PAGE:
Did you know that one out of 8 of people who experience food poisoning goes on to develop irritable bowel syndrome (IBS)? The infection can introduce harmful pathogens to the microbiome and cause IBS, even many years after the infection takes place. It’s also possible that many IBS cases may be secondary to food poisoning or certain types of parasitic infections.

Food poisoning is quite common, and not all food poisoning cases later develop into IBS. Most cases of food poisoning resolve themselves in a week or two, and without the need to see a doctor.

If you get food poisoning, it may be better to treat it with antibiotics, such as rifaximin, right away rather than let it run its course. Of course, it’s best to prevent food poisoning from happening in the first place. If you never get food poisoning, then you may not develop the small intestinal bacterial overgrowth (SIBO) caused by food poisoning. This is especially important if you already have IBS or SIBO.

To minimize your risk of food poisoning, follow these tips:

  • Avoid eating raw foods, such as salads at a salad bar, or raw fish, including sushi.
  • Always heat your food thoroughly. Don’t eat foods that are at room temperature.
  • Avoid eating from street vendors or food trucks. Their sanitation is usually different than in a restaurant. Food may be sitting out all day and be exposed to microorganisms that can cause food poisoning. 
  • When traveling to a developing country, avoid eating uncooked vegetables since they are often sprayed or washed with local water. Cook the vegetables and serve them hot.
  • When traveling, drink brand-named bottled water, not water from the tap, and use bottled water to brush your teeth. If no bottled water is available, add iodine tablets to treat the local water beforehand. Also, avoid the use of ice cubes made from local water.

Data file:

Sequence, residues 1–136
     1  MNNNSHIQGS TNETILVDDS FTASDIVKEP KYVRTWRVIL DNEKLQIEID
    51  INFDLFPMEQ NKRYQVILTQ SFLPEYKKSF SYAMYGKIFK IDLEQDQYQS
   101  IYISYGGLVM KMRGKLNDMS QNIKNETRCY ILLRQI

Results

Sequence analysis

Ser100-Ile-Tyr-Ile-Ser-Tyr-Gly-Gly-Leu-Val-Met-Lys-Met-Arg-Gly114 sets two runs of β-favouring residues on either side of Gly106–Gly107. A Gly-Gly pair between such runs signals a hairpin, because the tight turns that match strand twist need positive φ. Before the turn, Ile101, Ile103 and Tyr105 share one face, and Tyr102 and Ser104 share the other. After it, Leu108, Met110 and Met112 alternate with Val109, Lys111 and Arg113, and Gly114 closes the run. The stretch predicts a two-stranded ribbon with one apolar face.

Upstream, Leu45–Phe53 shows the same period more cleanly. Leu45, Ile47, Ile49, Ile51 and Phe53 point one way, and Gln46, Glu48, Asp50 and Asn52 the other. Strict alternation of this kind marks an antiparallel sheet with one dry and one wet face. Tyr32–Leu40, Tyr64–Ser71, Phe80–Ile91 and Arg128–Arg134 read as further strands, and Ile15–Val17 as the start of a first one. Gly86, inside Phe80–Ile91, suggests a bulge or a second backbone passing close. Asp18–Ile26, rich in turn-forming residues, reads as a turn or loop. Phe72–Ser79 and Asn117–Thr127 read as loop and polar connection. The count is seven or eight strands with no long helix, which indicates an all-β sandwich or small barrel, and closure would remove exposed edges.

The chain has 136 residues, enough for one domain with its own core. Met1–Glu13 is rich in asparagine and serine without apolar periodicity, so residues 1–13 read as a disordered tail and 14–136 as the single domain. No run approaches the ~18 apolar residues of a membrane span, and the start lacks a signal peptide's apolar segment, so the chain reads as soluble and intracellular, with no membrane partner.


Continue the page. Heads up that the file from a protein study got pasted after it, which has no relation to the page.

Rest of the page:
• When you bath or shower, avoid getting water in your mouth.
  • Eat at restaurants that have a reputation for cleanliness and avoid those with code violations.
  • If you eat poultry that has been frozen, make sure to thaw it fully before cooking it to avoid Salmonella poisoning. For the same reason, avoid eating raw eggs.
  • At home, wash all fruits and vegetables thoroughly before eating. Use a non-toxic food detergent, which can be found at your local health food store.
  • Peel the skins off fruit before you eat them.
  • In hotels use the disposable cups rather than reusable glass cups. In some hotels reusable cups are only rinsed rather than properly washed.   

If you are staying at an Airbnb, or bed-and-breakfast, take these further precautions:

  • Clean the counter tops. The home owner or previous renter may have contaminated the counter tops with raw poultry.
  • Clean all chopping boards, especially if they are wooden. Don’t use the same chopping board for meat and vegetables.
  • Wash all sponges in the dish washer. Sponges are known to carry tons of bacteria.
  • Make sure the refrigerator is working properly so food won’t spoil quickly.
  • Pay attention to expiration dates on the food you buy. Expired food is more likely to contain microorganisms that lead to food poisoning.

If you plan to travel to an area that is high risk for food poisoning, we suggest that you take half of a pill of rifaximin with every meal during your trip.


About the Author

Mark L. Fuerst is an award-winning freelance health and medical writer based in Brooklyn and the author of 13 books on health topics.

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